This paper is available on arxiv under CC BY-NC-SA 4.0 DEED license.


(1) Alyvia Walters, Rutgers University, USA;

(2) Tawfiq Ammaris, Rutgers University, USA;

(3) Kiran Garimella, Rutgers University, USA;

(4) Shagun Jhaver, Rutgers University, USA.



Visual culture has long been deployed by actors across the political spectrum as tools of political mobilization, and have recently incorporated new communication tools, such as memes, GIFs, and emojis. In this study, we analyze the top-circulated Facebook memes relating to critical race theory (CRT) from May 2021 – May 2022 to investigate their visual and textual appeals. Using image clustering techniques and critical discourse analysis, we find that both pro- and anti-CRT memes deploy similar rhetorical tactics to make bifurcating arguments, most of which do not pertain to the academic formulations of CRT. Instead, these memes manipulate definitions of racism and antiracism to appeal to their respective audiences. We argue that labeling such discursive practices as simply a symptom of “post-truth” politics is a potentially unproductive stance. Instead, theorizing the knowledge-building practices of these memes through a lens of political epistemology allows us to understand how they produce meaning.

Keywords online social platforms, political epistemology, CRT


Critical race theory, a once-esoteric legal theory, came to public consciousness at least partially through the 2021 Virginia gubernatorial campaign (Barakat and Rankin 2022). Republican hopeful Glenn Youngkin vowed to ban CRT from public education on his first day in office, a promise upon which he delivered with an executive order after his election. Though there is not strong enough evidence to say whether campaigning on critical race theory is what actually won Youngkin the election, there is no doubt that it was a major platform stance that picked up traction both in the state and across the nation (Beauchamp 2021). From this gubernatorial campaign, a flurry of public debates surrounding CRT have ensued in political speech, policy proposals, and social media discourse.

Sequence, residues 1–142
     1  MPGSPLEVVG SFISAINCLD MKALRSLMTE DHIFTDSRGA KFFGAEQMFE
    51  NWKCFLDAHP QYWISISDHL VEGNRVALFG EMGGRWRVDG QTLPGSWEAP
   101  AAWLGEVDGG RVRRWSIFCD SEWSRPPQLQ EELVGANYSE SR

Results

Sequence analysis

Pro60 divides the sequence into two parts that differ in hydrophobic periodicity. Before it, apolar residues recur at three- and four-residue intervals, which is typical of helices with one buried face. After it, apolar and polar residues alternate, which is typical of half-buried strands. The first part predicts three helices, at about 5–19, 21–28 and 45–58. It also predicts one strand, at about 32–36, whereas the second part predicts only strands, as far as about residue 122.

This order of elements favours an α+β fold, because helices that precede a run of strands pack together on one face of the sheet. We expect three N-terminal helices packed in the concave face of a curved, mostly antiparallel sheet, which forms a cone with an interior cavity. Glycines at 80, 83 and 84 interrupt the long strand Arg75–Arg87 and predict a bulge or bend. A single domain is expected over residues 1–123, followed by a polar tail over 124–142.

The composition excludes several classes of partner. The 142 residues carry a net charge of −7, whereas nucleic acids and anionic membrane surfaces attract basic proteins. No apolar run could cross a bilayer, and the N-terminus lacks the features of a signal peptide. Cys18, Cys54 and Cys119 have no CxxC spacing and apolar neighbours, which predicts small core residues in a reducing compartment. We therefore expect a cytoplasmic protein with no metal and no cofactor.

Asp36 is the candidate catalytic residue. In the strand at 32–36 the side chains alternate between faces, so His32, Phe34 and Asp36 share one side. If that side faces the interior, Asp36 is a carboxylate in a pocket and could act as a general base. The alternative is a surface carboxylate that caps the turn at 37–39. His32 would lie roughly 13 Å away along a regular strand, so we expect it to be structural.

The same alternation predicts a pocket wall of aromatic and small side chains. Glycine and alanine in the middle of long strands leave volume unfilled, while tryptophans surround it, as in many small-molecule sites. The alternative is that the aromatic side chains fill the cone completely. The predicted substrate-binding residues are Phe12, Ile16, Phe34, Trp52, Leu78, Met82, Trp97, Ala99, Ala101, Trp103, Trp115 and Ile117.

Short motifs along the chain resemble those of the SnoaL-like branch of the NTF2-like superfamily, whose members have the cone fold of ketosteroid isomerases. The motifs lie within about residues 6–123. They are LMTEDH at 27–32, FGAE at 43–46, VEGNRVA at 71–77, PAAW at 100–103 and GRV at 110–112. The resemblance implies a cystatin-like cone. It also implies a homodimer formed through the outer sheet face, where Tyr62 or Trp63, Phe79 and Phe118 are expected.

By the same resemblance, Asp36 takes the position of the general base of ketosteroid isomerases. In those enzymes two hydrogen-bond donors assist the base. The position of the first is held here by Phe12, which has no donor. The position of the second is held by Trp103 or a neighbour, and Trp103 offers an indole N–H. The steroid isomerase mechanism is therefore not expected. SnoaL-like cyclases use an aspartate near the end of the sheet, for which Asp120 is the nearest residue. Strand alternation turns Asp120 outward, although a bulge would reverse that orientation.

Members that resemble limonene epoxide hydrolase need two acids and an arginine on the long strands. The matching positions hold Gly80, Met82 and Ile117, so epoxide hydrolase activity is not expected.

Digital social media platforms have been a hub for this discussion where users often share their opinions, beliefs, and concerns about CRT through memes. For this study, we collected 5,662 CRT-centered memes, which circulated on Facebook from May 2021 – May 2022, and qualitatively analyzed the 27 top-circulated memes. We aimed to gain insights into the discourse surrounding CRT and examine how visual means are deployed to influence the public by analyzing the images shared by users. Scrutinizing the dominant themes and narratives in these images, we found that CRT memes provided a site of overt epistemological struggle: both proand anti-CRT camps used similar rhetorical tools to make bifurcating arguments about the stakes of integrating “CRT” into the American socio-cultural landscape. While doing so, these ideological groups competed for the most convincing definitions of both critical race theory and antiracism which a) fit their own political framings, and b) worked to convince their community of followers that their beliefs were notracist. As such, the institutional definitions of both critical race theory and antiracism were largely absent from these memes. We argue that it is erroneous to mark memes that get these definitions “wrong” as simple artifacts of a posttruth society. Instead, we advocate for a more critical look at the ramifications of such visual cultural artifacts through the lens of political epistemology. We posit that these memes are rhetorically complex units of sensegiving that are performing significant political work for both supporters and opponents of CRT.


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